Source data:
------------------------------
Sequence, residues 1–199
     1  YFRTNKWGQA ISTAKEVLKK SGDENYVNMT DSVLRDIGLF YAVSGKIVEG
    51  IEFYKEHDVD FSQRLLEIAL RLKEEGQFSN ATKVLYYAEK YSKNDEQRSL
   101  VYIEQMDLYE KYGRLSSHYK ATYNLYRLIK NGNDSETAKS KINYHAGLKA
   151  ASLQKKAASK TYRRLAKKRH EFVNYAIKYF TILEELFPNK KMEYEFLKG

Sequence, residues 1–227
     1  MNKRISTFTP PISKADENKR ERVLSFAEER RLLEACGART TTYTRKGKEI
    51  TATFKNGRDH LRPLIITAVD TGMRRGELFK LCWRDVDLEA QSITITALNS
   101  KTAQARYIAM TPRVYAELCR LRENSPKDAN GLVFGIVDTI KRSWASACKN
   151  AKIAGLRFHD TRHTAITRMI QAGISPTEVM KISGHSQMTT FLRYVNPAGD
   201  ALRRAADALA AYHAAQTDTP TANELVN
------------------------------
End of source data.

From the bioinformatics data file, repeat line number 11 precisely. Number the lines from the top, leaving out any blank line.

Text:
   201  ALRRAADALA AYHAAQTDTP TANELVN